Common Reading Systems
You probably have a process or system for many common things you do—like getting ready in the morning, going to work or school, or doing chores. Do you have a process for reading?
There are several reading systems used by college and high school students to improve their reading comprehension. The most common ones are SQ3R, KWL, and Cornell Notes.
- SQ3R: SQ3R is a reading comprehension method developed in the 1940s to help college students read textbooks. The name stands for survey, question, read, recite, and review, which are the steps in the process advocated by this reading system. The steps cover what to do before, during, and after reading. Follow the links below for more information about this system.
- KWL: KWL was designed to help students conduct research. The acronym stands for know, want, and learn. The system involves creating a graphic organizer—in this case a chart. The chart has three columns: what I know, what I want to know, and what I learned. Students answer the first two columns before doing research and the third column after the research is over. Follow the links below for more information about this system.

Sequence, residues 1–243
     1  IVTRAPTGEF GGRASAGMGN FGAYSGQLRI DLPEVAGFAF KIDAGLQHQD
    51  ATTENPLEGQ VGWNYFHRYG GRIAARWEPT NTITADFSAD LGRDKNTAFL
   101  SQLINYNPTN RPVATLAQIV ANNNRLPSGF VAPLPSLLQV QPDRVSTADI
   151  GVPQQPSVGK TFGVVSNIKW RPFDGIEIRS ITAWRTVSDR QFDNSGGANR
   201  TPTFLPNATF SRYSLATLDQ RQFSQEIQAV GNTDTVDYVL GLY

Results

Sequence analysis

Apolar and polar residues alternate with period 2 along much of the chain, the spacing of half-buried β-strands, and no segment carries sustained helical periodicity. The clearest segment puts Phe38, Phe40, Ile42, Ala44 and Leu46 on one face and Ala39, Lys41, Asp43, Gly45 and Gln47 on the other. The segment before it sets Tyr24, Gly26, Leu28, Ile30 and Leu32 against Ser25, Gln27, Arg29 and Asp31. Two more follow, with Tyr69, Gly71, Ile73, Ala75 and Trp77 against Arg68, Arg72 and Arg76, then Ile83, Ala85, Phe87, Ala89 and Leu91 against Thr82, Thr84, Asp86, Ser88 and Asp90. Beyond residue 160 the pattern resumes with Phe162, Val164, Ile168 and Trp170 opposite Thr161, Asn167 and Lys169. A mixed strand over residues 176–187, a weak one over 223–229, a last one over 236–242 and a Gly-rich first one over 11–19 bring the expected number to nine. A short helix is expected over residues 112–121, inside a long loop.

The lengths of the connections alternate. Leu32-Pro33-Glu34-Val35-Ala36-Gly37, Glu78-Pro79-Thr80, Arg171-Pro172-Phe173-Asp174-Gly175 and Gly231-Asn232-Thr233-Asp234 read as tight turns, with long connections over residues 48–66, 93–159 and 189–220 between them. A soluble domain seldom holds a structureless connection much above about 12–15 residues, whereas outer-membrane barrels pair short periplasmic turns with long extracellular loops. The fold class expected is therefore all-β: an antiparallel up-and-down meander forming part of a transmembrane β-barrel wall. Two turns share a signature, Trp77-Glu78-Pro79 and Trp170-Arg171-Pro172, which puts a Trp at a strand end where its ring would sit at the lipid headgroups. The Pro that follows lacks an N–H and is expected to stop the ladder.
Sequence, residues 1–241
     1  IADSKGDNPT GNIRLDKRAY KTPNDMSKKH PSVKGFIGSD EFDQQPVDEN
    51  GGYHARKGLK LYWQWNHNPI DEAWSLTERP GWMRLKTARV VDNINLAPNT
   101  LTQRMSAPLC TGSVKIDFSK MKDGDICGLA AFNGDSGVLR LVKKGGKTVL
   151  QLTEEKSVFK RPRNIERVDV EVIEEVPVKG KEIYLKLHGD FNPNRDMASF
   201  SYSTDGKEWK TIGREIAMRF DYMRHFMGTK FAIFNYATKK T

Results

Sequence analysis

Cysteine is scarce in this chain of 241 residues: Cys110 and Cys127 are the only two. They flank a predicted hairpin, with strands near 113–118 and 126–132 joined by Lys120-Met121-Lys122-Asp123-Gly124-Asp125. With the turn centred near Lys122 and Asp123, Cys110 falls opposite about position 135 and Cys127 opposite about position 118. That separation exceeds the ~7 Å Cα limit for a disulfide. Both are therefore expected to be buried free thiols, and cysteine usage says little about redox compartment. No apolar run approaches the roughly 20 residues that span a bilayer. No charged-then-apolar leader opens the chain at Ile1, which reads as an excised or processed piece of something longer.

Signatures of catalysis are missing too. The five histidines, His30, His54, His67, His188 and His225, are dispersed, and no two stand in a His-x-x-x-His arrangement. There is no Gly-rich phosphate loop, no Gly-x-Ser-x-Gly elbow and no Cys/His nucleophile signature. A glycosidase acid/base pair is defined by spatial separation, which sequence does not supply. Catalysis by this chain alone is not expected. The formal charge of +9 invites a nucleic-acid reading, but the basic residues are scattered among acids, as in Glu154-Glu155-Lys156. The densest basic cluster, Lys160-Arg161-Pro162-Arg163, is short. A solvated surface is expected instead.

- Cornell Notes: Cornell Notes is a comprehensive note-taking system developed in the 1950s by a professor at Cornell University to help college students improve their study skills. The system involves creating a table with two columns. In the right column, which is the larger column, the student writes notes from a lecture or text. In the left column, the student goes back and writes key words, main ideas, or questions about the notes. Afterwards, the student reviews the notes and writes a short summary of the main ideas beneath the two columns. Follow the links below for more information about this system.